- Influencing and engaging entities who are important to CCBHC, but who may not have been previously identified
Membership: Internal and external stakeholders, including DBHDS, DMAS, CSBs, and other administrative offices, and persons with mental health and/or substance use disorders.
The bulk of implementation activities are accomplished within this group, divided into three focus areas: quality; Prospective Payment System (PPS); and programming. The Project Team:
- Ensures alignment of programs, certifications, and the PPS.
- Ensures interagency harmony among DBHDS, DMAS, and CSBs by creating a shared vision and aligning goals, outcomes, and project integrity
- Providing recommendations to the Steering Committee
- Elevating identified risks to the Steering Committee
Membership: DBHDS and DMAS
Steering Committee – The overarching goal of this body is to ensure that adequate capacity exists, enabling entry into the demonstration program. Its tasks include:
- Providing project governance, financial, administrative, and advisory support to the Stakeholder Roundtable.
- Establishing unity among stakeholders to facilitate continued engagement.
- Identifying potential risks to project
- Evaluating project performance (scope, time, and budget)
- Identifying and engaging stakeholders on the project’s various committees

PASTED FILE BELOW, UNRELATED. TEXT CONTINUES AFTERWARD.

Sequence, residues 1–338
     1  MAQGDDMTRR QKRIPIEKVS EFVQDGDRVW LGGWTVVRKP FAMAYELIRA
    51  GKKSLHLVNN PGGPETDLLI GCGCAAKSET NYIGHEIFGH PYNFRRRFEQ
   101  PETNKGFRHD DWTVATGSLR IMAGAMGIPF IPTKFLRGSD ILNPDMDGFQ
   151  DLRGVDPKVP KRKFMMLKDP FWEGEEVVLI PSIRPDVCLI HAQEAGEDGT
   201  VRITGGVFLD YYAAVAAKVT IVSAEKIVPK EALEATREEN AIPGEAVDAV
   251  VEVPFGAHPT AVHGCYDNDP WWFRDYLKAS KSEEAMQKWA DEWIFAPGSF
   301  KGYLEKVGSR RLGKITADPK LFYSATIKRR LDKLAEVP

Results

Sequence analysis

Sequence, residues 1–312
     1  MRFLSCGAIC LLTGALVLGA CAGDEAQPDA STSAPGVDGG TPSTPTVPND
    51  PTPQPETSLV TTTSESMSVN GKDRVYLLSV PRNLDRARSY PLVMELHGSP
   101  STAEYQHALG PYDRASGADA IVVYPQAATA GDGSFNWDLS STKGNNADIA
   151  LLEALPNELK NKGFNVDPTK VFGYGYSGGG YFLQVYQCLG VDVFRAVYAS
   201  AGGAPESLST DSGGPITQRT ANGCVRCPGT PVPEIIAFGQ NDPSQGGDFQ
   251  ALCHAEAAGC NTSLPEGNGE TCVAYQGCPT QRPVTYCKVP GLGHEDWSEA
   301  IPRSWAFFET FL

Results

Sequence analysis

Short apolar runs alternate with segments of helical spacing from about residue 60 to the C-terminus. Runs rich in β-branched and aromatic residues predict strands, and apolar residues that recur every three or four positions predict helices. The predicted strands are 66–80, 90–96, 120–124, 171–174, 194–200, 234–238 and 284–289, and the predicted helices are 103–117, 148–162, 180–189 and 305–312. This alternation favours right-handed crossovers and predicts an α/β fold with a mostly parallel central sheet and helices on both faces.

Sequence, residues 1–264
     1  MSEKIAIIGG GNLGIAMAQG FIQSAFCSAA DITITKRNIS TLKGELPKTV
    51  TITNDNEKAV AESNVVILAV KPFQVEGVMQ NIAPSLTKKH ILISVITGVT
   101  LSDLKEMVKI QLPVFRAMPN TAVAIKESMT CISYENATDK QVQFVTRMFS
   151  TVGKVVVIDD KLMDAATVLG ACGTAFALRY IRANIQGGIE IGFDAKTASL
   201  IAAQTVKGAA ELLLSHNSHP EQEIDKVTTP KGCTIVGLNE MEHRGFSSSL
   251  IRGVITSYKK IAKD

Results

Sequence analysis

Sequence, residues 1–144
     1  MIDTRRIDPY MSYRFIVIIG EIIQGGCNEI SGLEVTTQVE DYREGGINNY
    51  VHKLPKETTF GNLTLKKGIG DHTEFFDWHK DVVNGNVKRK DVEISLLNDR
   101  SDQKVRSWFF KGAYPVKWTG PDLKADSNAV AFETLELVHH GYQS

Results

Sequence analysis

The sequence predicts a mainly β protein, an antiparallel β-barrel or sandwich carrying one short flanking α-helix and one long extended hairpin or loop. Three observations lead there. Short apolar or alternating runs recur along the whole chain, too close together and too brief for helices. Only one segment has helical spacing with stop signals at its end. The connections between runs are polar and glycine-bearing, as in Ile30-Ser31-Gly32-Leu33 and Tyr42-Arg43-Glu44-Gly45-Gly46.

- Elevating key decisions and issues for consideration by the Steering Committee
Membership: DBHDS and DMAS
The 1st cohort certification process will run from Jan. 2025 to July 2025
Getting to know the CCBHC Team
Meet Jessa Sprouse
Jessa Sprouse, BSN, MSN, RN is a Registered Nurse who is committed to ensuring the best possible care to citizens of the Commonwealth of Virginia. After spending nearly a decade as a bedside Registered Nurse working on medical-surgical and inpatient psychiatric units, Jessa has a firm foundation on the principals of institutional evidence-based nursing practice. Additionally, Jessa has worked nearly a decade in community-based residential services for individuals with developmental disabilities by helping to build bridges between institutional care and community care, implement data collection and quality assurance initiatives, and connect individuals with needed services across the commonwealth. With this experience, Jessa is well equipped to help individuals and agencies navigate a complex and ever-changing healthcare system. Jessa believes that a holistic and person-centered perspective is an essential component to providing effective, safe care.
Jessa lives in Northern VA with her partner, 2 bonus children and 4-dogs. In her free time she enjoys reading and watching movies (especially, if Denzel Washington is in them 😉). She also enjoys attending live shows. Most recently she went to see comedian Ali Wong as well as the musical Moulin Rouge at The Kennedy Center.